The Institute is excited to congratulate Dr Martin Turner on being awarded a Wellcome Discovery Award earlier this year. The award supports bold research to answer ambitious, timely and important questions. Dr Turner’s research will tackle the molecular basis for immune memory and chronic antigen stimulation. The Turner lab will generate new tools and approaches to define the dynamics of protein and RNA interactions, with the aim of providing insight into a deeper layer of molecular regulation of the immune system.
“Having joined the Institute at the same time as Martin, it has been an immense pleasure to see his many achievements and to see him develop into a world-leading scientist in his field. The Wellcome Discovery Award is a fantastic recognition of this. This new project will see Martin head into the unexplored area of how RNA binding proteins affect immune memory, exhaustion, or antigen-independent activation. I am excited to see the outcomes and the many wider impacts from this work.” said Dr Simon Cook, Institute Director.
The function of lymphocytes is controlled by the integration of different signals by proteins and protein complexes to generate cells with special functions - such as the ability to kill virally infected cells. Previous research from the Turner lab found that a family of RNA binding proteins (RBPs) limit the tempo by which CD8 T cells form cytotoxic effector cells and the ability of these effectors to kill, a property known as cytotoxicity.
The Wellcome Discovery Award will allow Martin and his lab to examine the precise molecular and cellular mechanisms in more detail. The research will focus on the ZFP36 family of RBPs, to uncover how they interconnect key regulatory processes including transcription, epigenetics, RNA turnover, translation, and metabolism to determine the formation of lymphocyte effector and memory cells.
Dr Martin Turner explains: “It is important, and exciting, to be able to pursue new directions in science, which is one of our strengths here at the Babraham Institute. With the support of the Wellcome Discovery Award we’ll be able to bring together a unique combination of approaches to reveal the complex underpinnings of our immune response and provide us with a map of interactions that we might be able to manipulate.”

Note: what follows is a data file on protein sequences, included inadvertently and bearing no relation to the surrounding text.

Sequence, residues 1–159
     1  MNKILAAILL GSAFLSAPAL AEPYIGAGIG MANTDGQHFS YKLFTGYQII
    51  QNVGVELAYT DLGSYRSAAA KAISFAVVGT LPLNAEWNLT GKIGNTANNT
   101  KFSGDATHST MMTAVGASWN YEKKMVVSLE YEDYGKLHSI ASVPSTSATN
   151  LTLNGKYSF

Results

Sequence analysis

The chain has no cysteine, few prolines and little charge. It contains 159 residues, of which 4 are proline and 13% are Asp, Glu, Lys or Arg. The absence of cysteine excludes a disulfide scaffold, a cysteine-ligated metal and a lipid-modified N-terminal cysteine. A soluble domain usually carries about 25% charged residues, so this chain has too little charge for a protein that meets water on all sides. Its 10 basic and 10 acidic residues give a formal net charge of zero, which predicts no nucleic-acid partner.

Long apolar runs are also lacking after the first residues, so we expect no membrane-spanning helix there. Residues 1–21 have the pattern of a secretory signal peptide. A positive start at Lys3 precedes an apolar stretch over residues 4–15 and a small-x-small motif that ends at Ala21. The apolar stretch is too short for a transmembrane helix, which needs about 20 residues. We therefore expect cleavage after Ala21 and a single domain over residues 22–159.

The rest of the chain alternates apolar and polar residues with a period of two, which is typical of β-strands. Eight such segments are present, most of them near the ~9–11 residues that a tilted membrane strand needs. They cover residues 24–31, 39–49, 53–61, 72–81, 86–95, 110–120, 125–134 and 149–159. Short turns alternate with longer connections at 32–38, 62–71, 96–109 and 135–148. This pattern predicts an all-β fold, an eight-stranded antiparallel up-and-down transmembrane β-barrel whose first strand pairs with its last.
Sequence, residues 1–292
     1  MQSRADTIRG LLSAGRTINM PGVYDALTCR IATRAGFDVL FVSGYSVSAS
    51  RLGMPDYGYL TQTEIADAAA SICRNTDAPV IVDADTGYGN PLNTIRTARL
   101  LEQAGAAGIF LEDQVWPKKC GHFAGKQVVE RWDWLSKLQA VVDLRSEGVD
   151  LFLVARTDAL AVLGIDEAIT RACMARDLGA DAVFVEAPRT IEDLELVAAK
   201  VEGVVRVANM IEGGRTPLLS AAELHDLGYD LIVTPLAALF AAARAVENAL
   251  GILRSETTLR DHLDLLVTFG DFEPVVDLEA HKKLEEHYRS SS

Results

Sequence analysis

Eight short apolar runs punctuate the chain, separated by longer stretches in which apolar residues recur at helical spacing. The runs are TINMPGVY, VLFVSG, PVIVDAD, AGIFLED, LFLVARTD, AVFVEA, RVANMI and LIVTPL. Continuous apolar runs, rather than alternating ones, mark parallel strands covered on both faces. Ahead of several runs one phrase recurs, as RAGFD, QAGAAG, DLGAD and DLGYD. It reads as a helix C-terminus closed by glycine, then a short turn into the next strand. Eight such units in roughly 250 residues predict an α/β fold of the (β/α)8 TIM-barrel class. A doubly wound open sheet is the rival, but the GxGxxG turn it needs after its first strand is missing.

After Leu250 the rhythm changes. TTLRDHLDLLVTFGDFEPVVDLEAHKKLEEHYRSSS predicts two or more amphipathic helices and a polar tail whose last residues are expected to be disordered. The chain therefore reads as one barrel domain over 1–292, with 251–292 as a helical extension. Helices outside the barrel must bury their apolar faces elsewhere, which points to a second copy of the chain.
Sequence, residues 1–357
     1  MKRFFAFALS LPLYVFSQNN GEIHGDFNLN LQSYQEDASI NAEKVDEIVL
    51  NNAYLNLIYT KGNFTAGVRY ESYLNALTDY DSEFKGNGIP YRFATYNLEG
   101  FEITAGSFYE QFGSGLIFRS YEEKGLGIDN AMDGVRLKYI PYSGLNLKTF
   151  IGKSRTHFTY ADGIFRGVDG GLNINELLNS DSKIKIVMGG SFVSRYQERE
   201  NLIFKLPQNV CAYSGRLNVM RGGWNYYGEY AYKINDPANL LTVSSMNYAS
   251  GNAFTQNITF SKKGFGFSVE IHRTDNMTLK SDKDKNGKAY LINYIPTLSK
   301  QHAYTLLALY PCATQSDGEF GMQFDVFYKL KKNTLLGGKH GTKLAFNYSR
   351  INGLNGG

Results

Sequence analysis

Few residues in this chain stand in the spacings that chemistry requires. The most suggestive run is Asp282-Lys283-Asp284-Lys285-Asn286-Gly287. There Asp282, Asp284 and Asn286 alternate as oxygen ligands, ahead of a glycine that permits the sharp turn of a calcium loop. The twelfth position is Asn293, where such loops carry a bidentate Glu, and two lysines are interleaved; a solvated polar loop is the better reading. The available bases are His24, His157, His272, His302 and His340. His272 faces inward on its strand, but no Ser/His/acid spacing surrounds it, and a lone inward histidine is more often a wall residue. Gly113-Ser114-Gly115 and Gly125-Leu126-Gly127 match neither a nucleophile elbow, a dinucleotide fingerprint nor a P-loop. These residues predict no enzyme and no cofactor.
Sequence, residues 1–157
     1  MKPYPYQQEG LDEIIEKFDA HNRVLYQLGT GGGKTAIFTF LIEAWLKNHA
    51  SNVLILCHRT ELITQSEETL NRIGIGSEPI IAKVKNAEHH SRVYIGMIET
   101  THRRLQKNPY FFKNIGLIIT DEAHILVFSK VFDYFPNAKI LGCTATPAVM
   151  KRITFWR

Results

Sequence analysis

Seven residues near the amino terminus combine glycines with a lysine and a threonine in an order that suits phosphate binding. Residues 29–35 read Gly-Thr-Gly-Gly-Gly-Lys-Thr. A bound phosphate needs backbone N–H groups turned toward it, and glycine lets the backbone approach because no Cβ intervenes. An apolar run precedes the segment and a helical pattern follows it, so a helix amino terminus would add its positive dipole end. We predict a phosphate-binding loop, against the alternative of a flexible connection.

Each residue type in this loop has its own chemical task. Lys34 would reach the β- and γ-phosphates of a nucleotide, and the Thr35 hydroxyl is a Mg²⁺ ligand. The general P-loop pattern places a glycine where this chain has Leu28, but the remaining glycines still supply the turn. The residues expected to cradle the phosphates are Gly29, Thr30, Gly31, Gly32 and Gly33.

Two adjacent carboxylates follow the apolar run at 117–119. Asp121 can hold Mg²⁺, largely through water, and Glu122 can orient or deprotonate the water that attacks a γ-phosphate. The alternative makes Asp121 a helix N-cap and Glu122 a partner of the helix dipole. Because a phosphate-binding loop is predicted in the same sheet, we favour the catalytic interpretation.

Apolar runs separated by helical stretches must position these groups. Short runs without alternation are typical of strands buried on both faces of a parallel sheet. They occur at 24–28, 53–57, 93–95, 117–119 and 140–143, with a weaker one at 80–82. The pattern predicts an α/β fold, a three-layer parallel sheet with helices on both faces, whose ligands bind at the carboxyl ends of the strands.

Martin started his research career as a PhD student with Professor Sir Marc Feldmann at the University of London. During his PhD research, he made key contributions to the basic science that underpinned the development of treatments for rheumatoid arthritis, through using inhibitors of tumour necrosis factor (TNF) – a cell signalling protein that drives inflammation. As a postdoc with Victor Tybulewicz at the MRC National Institute for Medical Research in London he identified key signalling pathways that promote the development and function of B and T lymphocytes.
Martin’s research in 2002 was amongst the first to identify the in vivo role of p110d in lymphocyte development and function. He has pursued the investigation of post-transcriptional regulation of lymphocyte development and function identifying physiological roles for microRNAs and RNA binding proteins in the differentiation and function of B and T lymphocytes. The aim of this research is to provide a comprehensive understanding of lymphocyte function throughout life.
Honor Pollard, Communications Officer, email@example.com
Image description: Computer generated image of T cells
About the Babraham Institute
The Babraham Institute undertakes world-class life sciences research to generate new knowledge of biological mechanisms underpinning ageing, development and the maintenance of health. Our research focuses on cellular signalling, gene regulation and the impact of epigenetic regulation at different stages of life. By determining how the body reacts to dietary and environmental stimuli and manages microbial and viral interactions, we aim to improve wellbeing and support healthier ageing. The Institute is strategically funded by the Biotechnology and Biological Sciences Research Council (BBSRC), part of UK Research and Innovation, through Institute Strategic Programme Grants and an Institute Core Capability Grant and also receives funding from other UK research councils, charitable foundations, the EU and medical charities.
20 November 2023